Consequently, changes in that temporal precision will code different content. Temporal structure of spikes. Spike timing of PCs is constrained by FS inhibitory interneurons.
These cells set the timing and rate of action potentials produced by PCs limiting the temporal window during which they can be generated Pouille and Scanziani, Moreover, PCs cannot discharge when they are shunted by strong inhibition. Rows represent hypothetical spike rasters for an Ensemble of four PCs.
Spikes from these PCs occur independently but organized inside that temporal structure top. These cycles would result in the oscillations observed in the brain bottom left.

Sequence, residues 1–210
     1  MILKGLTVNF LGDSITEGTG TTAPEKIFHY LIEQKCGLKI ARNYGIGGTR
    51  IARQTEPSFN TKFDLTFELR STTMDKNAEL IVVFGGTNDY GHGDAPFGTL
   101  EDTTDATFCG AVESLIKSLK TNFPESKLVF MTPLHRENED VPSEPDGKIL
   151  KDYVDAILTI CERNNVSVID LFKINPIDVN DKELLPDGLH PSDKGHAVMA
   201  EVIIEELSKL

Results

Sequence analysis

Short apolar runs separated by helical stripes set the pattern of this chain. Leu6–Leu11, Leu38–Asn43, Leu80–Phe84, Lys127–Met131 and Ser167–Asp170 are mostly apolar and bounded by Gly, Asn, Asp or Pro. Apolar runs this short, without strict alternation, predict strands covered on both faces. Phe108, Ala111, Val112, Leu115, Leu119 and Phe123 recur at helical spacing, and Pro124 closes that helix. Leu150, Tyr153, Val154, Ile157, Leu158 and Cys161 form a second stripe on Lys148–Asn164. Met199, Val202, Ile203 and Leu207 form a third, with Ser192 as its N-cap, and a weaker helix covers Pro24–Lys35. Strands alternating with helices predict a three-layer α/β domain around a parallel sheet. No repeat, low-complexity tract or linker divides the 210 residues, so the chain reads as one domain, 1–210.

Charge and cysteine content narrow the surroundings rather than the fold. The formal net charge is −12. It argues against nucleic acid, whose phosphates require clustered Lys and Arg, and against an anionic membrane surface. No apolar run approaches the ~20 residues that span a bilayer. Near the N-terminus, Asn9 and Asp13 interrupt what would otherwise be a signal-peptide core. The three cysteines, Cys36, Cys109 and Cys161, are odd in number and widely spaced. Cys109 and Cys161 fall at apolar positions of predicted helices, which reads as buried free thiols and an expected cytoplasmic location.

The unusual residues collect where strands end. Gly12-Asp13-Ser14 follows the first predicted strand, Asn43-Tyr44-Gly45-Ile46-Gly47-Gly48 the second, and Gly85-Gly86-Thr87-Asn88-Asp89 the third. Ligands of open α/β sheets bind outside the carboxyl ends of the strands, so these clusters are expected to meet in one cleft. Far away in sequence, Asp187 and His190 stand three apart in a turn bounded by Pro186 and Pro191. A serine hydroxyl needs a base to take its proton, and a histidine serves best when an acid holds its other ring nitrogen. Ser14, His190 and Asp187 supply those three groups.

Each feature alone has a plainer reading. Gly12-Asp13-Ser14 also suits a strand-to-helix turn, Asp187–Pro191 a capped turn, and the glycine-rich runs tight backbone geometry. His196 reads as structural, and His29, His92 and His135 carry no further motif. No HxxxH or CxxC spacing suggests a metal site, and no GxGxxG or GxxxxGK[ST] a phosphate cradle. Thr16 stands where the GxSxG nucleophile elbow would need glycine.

The temporal structure can be dynamically adjusted to meet the finest processing resolution depending on perceptual, task or attentional demands bottom right.
Experimental data provide support for this proposal. It is known that spike timing of PCs is constrained by the inhibitory cells. FS interneurons quickly limit the temporal window during which action potentials can be generated Pouille and Scanziani, ; Li et al. Consequently, PCs are more likely to fire at precise points in time Cardin et al. More importantly, PCs cannot discharge when they are shunted by strong inhibition.
Our hypothesis suggests that these precise Silent Gaps are very important for cortical computation.